Dog Video – How to Brush Your Dog’s Teeth

February is dog dental awareness month in the United States; a few months ago I explained how to brush your dog’s teeth, and how to select dental products for your dog.

It’s often easier to see how to do things rather than read about them so today I’ve posted a video in which Stanley Coren shows you how to get your dog used to having his teeth brushed – the key is to take it in small steps and have some great tasting toothpaste to hand!

At the end of the video Stanley Coren says you only need to brush your dog’s teeth once or twice a week in order to keep his teeth healthy. Whilst this is better than not brushing at all, ideally you should aim for a daily brushing to remove the plaque and remove the risk of your dog suffering periodontal disease.

Dog Dental Care – What’s in your dental care kit?

dogs-toothbrushThere is a huge array of products to put in your [tag-tec]dog dental care[/tag-tec] kit, and it’s easy to buy more than you need. What I’ve done today is summarize the different products available and when you could consider using them.

Dog dental care products are relatively inexpensive so it’s worth trying a few of them to see what you find the easiest to use and your dog is most comfortable with.

Here’s a summary of the products available:

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Meet America’s Most Smoochable Pooch

black-pug4.9 million votes were cast in Del Monte’s competition to find America’s Most Smoochable Pooch to promote its new food product ‘Kibbles ‘n Bits Brushing Bites’.

After an eight month search, a black pug called Annabelle was voted the most smoochable pooch. Each State had a winner – click here to see them all.

Del Monte states that its product assists with [tag-tec]dog dental care[/tag-tec] because it cleans your dog’s teeth and freshens his breath at every meal thereby making him that much more smoochable!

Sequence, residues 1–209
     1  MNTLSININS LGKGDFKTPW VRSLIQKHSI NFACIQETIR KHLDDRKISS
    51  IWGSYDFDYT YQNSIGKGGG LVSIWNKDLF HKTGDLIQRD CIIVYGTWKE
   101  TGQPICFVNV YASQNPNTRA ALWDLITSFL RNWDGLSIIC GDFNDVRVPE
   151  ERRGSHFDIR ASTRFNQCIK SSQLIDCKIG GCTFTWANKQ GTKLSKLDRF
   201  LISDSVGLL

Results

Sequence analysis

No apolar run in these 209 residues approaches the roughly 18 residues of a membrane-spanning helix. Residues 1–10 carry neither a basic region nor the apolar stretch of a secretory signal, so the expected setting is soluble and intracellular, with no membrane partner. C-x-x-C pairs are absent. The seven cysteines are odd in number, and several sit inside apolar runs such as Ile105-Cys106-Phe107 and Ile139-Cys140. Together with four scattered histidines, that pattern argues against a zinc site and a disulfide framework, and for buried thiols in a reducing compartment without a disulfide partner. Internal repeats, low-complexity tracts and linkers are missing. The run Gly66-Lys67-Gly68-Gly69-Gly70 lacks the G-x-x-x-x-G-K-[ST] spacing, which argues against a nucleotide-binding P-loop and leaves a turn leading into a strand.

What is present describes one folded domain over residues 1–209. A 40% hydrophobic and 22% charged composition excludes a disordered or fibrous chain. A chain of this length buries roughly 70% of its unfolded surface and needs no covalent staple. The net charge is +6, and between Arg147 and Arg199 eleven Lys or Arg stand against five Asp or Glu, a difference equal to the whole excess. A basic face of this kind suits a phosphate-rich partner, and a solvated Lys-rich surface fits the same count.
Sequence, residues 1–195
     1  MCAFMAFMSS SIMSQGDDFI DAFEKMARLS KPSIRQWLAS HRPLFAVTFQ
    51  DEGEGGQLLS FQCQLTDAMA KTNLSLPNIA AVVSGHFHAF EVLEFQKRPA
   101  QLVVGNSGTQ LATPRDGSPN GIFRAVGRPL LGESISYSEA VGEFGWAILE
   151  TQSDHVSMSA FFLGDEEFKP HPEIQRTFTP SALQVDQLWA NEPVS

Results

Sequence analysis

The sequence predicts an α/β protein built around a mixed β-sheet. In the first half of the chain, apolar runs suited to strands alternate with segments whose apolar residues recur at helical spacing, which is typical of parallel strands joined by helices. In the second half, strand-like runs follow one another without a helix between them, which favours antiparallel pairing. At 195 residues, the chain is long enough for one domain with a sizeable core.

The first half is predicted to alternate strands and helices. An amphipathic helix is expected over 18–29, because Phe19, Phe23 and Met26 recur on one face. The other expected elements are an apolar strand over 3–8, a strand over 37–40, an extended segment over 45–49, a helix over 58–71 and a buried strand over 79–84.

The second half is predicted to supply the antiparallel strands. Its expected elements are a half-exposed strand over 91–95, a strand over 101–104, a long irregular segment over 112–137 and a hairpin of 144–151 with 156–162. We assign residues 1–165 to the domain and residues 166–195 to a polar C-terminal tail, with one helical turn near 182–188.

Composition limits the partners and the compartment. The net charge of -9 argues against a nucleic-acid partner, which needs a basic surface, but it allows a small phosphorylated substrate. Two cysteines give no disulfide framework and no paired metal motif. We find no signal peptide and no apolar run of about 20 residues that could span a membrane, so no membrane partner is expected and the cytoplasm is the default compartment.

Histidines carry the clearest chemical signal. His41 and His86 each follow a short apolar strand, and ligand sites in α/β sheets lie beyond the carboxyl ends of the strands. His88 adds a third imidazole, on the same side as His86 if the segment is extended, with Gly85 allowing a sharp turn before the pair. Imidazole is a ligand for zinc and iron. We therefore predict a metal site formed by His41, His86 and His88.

Whilst some foods can assist with the removal of [tag]plaque[/tag] from teeth, nothing beats a [tag]dental care program[/tag] to keep your dog’s teeth healthy and his breath smelling sweet.

How to Clean Your Dog’s Teeth

brushing-dogs-teethIdeally you should be cleaning your dog’s teeth on a daily basis, and at least every other day, in order to remove the plaque and prevent a build up of tartar on his teeth.

You will need to introduce tooth brushing gradually; deciding one day that your dog will have his cleaned and putting a toothbrush smeared with toothpaste into his mouth and start brushing is likely to leave you very frustrated, and you dog will be put him off for life!

I made the mistake of trying to do it too quickly, and had to start over again with the steps I outline below.

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Dog Dental Disease – starting a dental care program

dog-teeth-1Yesterday I mentioned how important it was to look after your [tag-ice]dog’s teeth [/tag-ice] and that a dental care program is essential in order to prevent dental disease – click here to read the post.

Dental disease is progressive, your dog won’t just have [tag]tartar[/tag] on his teeth, he will have tartar that progresses to [tag]periodontal disease[/tag]. Each progression of the disease will be more painful for your dog and more costly to treat, so starting regular dental care makes sense.

There are two parts to a dental care program – regular veterinary check-ups and home dental care.

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Dental Disease – why a dental care program is essential for your dog

brushing-teethHow often do you clean your teeth – I bet it’s at least once every day? Remember how awful it feels in the morning when you’ve forgotten to brush your teeth the night before – your teeth are coated in that horrid furry stuff and you’re paranoid your breath smells!

How often do you clean your dog’s teeth? Now, imagine how he feels every day.

Seriously, looking after your dog’s teeth is a very important part of your dog care regime. Studies have shown that by the time they are 3, 80% of dogs show signs of gum disease.

Dogs usually suffer in silence, so the symptoms to watch out for include:
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Does Your Dog Smell – maybe he’s telling you something

wet-dogOne of the good things about owning Schnauzers is that they don’t have that doggy smell that many other breeds, particularly long haired ones, tend to have.

Our first family dog was a Bearded Collie who loved swimming in the sea every day, and she continually smelt like a piece of wet carpet. Though I loved her dearly for it, my Mother wasn’t too happy about the smell and spent a great deal of time squirting air freshener around the house!

We tend to associate a smelly dog with one that has either rolled in something unpleasant or been out in the rain for too long, but it could be a sign that you dog is ill or has a personal hygiene problem that needs attending to.

In his article Why Dogs Stink, small town country veterinarian (his own words) Dr. Everett Mobley covers some of the serious reasons why your dog might smell, and provides a more practical approach to dealing with the problem than just reaching for the air freshener.